Congress is right to be concerned about evidence. A program that is so lenient that almost any New Yorker who develops certain ailments or cancers can finagle a way in would be a misuse of public money and unfair to most Americans, who either have no health insurance or struggle to pay for it. But a program that excluded residents and workers who likely have health problems because of the attack would be equally unacceptable. The proponents of the bill should work now to draft acceptable language on evidence and eligibility.

There are more than 2,749 victims of the attack Downtown. Just because some don’t know it yet does not mean they can be ignored when they discover the unfortunate truth.

01-26-2007, 08:58 PM
James A. Henderson Jr. appointed 'special master' in 9/11 respiratory illness cases



New York City is facing a number of lawsuits regarding lingering respiratory illnesses that many workers and rescue personnel claim result from working on the World Trade Center site after the Sept. 11, 2001, terror attacks. Studies by such organizations as Mount Sinai Medical Center and the Centers for Disease Control and Prevention have agreed that the hazardous conditions at the site can be the source of these illnesses.

To investigate the legal cases, Cornell Law School professor James A. Henderson Jr. has been appointed by Southern District Judge Alvin Hellerstein as a special master, along with Aaron D. Twerski, dean of the Hofstra University School of Law.

"Professor Henderson is an obvious choice for special master insofar as he is one of the leading thinkers in tort law," says Michael Heise, professor of law at the Cornell Law School. "His first-rate scholarship draws on a deep reservoir of knowledge, experience, judgment and creative thinking, all of which will assist the judge in the difficult task before him."

Henderson and Twerski have been asked to make an undisputed list of the cases and to categorize them to help organize the legal process. In appointing the two legal experts, Hellerstein mentioned in particular their impartiality and unparalleled skills.

Experts in the field of mass tort litigation, they have written texts and law review articles together, including "Cases and Materials on the Law of Torts" in 2003.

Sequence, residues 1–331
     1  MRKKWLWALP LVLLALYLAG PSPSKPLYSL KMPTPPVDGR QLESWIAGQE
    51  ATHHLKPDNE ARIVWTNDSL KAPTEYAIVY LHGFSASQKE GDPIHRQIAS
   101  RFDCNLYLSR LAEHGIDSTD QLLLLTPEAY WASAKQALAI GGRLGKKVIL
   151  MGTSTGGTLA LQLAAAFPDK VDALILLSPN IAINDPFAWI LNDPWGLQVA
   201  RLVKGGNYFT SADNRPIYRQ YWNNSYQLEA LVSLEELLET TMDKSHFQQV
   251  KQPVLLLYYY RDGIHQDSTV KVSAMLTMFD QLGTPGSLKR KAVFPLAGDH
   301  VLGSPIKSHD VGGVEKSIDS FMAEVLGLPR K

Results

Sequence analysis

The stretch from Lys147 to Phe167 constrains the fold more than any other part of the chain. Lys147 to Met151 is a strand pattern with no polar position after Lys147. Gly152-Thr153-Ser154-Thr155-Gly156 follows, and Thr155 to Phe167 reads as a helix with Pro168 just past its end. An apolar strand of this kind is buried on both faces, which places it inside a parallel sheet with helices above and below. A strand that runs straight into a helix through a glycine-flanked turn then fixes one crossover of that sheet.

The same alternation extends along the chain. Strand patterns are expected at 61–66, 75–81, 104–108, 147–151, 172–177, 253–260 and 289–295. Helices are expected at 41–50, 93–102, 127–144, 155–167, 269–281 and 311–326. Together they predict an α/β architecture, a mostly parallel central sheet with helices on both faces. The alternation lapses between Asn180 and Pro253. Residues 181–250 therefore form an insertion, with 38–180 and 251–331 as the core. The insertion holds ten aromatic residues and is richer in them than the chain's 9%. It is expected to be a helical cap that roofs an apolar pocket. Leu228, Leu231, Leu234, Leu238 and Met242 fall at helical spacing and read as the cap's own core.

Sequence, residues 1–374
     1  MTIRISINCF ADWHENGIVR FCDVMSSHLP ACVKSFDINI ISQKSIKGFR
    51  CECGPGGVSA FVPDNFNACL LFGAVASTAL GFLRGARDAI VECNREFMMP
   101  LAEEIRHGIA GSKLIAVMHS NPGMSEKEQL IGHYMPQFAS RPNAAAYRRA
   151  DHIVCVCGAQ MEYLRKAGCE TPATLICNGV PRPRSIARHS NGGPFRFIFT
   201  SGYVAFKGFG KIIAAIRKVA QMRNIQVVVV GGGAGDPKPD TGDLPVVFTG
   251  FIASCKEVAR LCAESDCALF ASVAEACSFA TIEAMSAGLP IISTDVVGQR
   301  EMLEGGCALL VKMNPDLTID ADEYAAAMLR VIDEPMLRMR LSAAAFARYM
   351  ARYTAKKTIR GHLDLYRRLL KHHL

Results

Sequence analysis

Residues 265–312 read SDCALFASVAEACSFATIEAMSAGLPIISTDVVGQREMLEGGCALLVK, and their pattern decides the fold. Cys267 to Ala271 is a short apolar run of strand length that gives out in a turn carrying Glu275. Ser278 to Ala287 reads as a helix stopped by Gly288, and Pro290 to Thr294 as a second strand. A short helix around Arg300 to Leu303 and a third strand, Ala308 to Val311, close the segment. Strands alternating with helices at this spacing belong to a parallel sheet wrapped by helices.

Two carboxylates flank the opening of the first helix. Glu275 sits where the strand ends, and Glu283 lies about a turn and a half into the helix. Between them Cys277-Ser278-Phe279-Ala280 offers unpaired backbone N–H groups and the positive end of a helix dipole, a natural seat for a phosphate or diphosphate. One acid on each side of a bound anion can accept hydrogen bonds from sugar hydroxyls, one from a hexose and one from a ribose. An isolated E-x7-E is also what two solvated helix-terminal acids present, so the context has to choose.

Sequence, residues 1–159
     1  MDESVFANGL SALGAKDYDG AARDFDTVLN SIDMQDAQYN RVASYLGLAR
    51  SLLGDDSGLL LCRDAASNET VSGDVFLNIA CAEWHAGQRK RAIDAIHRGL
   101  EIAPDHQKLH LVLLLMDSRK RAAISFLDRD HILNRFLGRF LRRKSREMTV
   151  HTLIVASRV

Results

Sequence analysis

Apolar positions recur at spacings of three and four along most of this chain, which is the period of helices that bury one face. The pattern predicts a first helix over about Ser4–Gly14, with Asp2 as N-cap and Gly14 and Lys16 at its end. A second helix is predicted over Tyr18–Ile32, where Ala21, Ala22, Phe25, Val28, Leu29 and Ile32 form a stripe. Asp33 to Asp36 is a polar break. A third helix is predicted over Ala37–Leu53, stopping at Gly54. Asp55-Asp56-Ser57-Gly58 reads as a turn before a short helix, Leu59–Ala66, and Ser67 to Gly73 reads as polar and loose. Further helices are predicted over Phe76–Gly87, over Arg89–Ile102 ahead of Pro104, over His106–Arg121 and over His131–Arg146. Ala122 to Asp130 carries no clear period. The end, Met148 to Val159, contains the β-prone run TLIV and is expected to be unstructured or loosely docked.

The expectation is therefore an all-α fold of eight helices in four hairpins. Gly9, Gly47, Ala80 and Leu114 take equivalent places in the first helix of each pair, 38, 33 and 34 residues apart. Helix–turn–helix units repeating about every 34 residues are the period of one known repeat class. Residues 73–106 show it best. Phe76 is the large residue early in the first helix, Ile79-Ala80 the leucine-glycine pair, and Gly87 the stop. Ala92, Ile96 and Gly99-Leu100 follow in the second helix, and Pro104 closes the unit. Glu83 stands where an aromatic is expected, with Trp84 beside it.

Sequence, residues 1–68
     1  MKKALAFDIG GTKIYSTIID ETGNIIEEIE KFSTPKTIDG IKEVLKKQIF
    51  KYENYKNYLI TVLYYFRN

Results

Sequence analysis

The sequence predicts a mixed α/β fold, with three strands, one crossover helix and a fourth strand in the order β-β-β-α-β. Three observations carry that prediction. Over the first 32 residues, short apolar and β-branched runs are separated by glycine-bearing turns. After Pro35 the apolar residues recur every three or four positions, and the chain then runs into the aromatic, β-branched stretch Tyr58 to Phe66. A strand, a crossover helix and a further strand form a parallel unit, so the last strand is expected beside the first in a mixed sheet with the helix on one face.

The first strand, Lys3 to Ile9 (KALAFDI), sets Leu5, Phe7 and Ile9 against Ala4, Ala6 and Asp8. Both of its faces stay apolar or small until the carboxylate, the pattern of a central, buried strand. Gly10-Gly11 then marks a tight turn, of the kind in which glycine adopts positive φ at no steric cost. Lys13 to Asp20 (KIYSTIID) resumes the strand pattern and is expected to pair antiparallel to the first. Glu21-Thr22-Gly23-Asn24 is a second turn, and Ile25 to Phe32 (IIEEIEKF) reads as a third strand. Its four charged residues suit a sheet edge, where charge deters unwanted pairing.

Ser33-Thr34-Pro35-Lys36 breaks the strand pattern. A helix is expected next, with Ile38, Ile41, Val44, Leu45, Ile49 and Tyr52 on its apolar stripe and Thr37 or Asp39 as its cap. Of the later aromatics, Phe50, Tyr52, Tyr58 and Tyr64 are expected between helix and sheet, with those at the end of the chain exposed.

Henderson has an A.B. from Princeton University and an LL.B. and LL.M. from Harvard Law School. He clerked for the Hon. Warren L. Jones of the U.S. Court of Appeals for the Fifth Circuit and then taught at Boston University Law School for 20 years before, in 1984, joining Cornell Law School, where he is the Frank B. Ingersoll Professor of Law. His scholarship and teaching addresses theoretical, practical and process concerns in the fields of products liability and torts. In addition to serving as the co-reporter of the American Law Institute's revision of the products liability portions of the "Restatement of the Law of Torts from 1992-1998," Henderson has testified extensively on torts, products liability and insurance before the U.S. Senate and House, as well as before numerous state legislatures.

01-26-2007, 09:49 PM
Caesar Borja On The Associated Press

Click Here (http://www.youtube.com/watch?v=CiEoNBrviGU&eurl=)

01-26-2007, 09:51 PM
Augmentor... ask me your question again.

01-27-2007, 02:09 AM
9/11 autopsy guidelines plan scuttled



An effort to create standardized autopsy guidelines that could document the link between toxic air at ground zero and the later deaths of 9/11 rescue workers was abandoned by the federal government over concerns that the information collected could be misinterpreted.

The National Institute for Occupational Safety and Health, in a note posted Friday on its web site, said the agency "instead will pursue other avenues for documenting long-term health effects from exposure to air contaminants from the World Trade Center disaster."

The proposal for standard autopsy guidelines was laid out by the institute in a Sept. 15 draft document that was subsequently reviewed by medical experts outside the federal government. The decision to scratch the autopsy plan came after the experts raised questions about whether the plan would work.

"This study has many insurmountable barriers to overcome," wrote Dr. David J. Prezant, chief medical officer for the city Fire Department. Prezant, whose review was also posted on the institute web site, said one of those barriers was the "politics of causality," a reference to pending lawsuits filed against the city by injured workers. Autopsy results are often used in civil suits.

The institute said reviewers had raised several questions about the program, including concerns that "the draft document could be misinterpreted or misapplied, hindering rather than furthering progress in addressing WTC health concerns." The independent reviews were complete on Oct. 31, according to the institute.